A bit of northern Mediterranean culinary “sunshine”!
by Ari Weinzweig
Two of my favorite books of all time were written by the Tunisian author, sociologist, philosopher, and novelist, Albert Memmi. I greatly enjoyed his semi-autobiographical Pillar of Salt and his non-fiction, The Colonizer and the Colonized (which, in relation to what I wrote above, details the often traumatic relationship between those who were once colonized and those who did the colonizing). I have been fascinated with Tunisia—its culture and its cooking—ever since I read them. Memmi passed away in May 2020 at the age of 99. (In a rather poetic way, he was born in 1920 during the Spanish flu pandemic and passed away in the second month of Covid). While food was not the main subject of his work, Memmi wrote some lovely and intriguing descriptions of local markets and of a range of traditional Tunisian dishes. In The New York Times, Richard Locke described Memmi as “a Tunisian Balzac graced with Hemingway’s radical simplicity and sadness.”
Twenty years after reading Memmi’s books, I had the chance to meet a man who is also a fan of Memmi’s writing. Majid Mahjoub is now a good friend and also probably the premier ambassador of Tunisian cuisine in the world. Majid’s family has been making world-class olive oil, harissa, and a host of other great traditional foods for over a century now. Having been to visit his homeland a few times, I would agree with Majid: “What Tunisia has to say is unique in the world.” The wonderful Olive Oil Cake at the Bakehouse, learned from Majid and his wife Onsa, is just one of many, many marvelous examples.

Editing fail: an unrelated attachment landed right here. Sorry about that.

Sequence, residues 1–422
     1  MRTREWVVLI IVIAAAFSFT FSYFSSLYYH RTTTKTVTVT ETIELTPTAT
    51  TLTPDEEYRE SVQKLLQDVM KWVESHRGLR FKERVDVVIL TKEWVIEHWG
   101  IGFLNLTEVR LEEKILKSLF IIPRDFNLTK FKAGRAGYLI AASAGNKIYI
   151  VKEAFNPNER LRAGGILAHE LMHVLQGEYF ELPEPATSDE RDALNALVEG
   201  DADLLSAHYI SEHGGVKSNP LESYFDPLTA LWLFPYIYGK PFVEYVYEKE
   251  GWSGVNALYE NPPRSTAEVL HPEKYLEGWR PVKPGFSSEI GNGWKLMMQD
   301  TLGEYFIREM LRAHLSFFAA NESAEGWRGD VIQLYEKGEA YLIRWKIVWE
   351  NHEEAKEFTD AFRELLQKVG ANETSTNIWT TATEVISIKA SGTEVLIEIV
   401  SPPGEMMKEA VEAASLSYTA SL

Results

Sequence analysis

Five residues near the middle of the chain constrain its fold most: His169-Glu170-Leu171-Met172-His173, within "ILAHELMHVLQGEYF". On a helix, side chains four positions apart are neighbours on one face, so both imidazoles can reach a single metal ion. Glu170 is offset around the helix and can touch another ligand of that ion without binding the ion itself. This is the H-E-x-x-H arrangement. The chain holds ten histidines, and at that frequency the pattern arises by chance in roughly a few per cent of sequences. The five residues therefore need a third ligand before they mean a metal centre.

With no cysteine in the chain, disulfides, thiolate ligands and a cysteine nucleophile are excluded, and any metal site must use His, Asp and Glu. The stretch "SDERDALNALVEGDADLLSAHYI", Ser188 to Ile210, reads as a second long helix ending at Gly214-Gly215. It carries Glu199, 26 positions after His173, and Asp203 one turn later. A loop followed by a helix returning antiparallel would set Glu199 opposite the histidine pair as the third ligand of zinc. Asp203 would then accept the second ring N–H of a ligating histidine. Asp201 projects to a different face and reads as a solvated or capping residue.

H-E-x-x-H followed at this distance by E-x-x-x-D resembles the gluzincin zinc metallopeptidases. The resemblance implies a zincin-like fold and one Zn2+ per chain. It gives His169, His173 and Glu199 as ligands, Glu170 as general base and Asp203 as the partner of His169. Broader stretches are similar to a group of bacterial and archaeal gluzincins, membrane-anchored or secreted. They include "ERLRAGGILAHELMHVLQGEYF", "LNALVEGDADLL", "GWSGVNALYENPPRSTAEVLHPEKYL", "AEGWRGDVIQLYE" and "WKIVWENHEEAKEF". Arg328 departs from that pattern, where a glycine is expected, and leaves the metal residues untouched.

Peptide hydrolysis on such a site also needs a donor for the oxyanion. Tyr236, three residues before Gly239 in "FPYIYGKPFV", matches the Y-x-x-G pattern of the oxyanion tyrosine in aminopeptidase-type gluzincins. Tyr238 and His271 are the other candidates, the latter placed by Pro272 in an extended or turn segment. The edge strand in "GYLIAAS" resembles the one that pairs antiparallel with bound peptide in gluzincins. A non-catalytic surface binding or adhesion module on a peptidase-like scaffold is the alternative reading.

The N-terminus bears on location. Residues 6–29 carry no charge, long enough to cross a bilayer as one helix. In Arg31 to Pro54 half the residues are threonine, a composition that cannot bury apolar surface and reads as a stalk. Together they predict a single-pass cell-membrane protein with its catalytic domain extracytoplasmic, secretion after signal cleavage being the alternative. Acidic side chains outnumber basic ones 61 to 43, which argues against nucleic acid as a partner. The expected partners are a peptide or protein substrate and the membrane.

Baking with olive oil.
While most Americans might assume that butter is where it’s at for baking, in the Mediterranean it’s always been the norm to bake with olive oil. It leads to some lovely baked goods. Clair Saffitz, writing for Bon Appetit, declared, “Even die-hard butter devotees admit that olive oil makes exceptionally good cakes.” As you would expect, the better the quality of oil you bake with, the better the flavor of whatever is made with it. The fruity fullness of the Mahjoub’s oil is the basis of the flavor of the Bakehouse’s Olive Oil Cake.
About the olive oil.
Majid—along with his two brothers, seven sisters, and three nephews—manages the family business. Their organic extra virgin olive oil, made from the fruit of the family’s centuries-old groves and pressed right on the farm, has a great full flavor that’s somehow both modest and fruit-forward at the same time. I know it well because it’s what Tammie and I cook with every evening at our house. The Mahjoub family uses Chetoui olives grown in the Mejerda Valley of northern Tunisia and crushes them using very traditional methods in small batches using a pair of ancient granite millstones. The olive liquid is skimmed off the top by hand in an old process called, in French, á la feuille. The finished product is an elegant, delectable, unfiltered organic oil.
About the coffee cake.
The Bakehouse Olive Oil Cake is enlivened with fresh orange juice, orange liqueur, fresh lemon zest, flour, eggs, and toasted almonds (no butter). Excellent with tea or coffee for breakfast, an afternoon break, or after dinner. Really good dabbed with a bit of orange marmalade or fruit jam. It goes wonderfully well with the terrific Georgia Grinders Almond Butter we bring in. It’s particularly tasty grilled up in a skillet—with a bit more olive oil, of course.
The olive oil cake is particularly appropriate this week because olive oil is at the heart of the Chanukah story. While the latkes I grew up with (of which we make many hundreds at the Deli) are delicious, the real point would have been the olive oil. It’s not hard to imagine Albert Memmi—growing up in a Tunisian Jewish family—delighting in an olive oil cake much like this one as part of a Chanukah meal.
You can pick up a couple of Olive Oil Cakes at the Deli, Bakehouse, or Roadshow during the month of December. As the days are shorter, it brings a bit of Mediterranean sunshine to us here in the Midwest!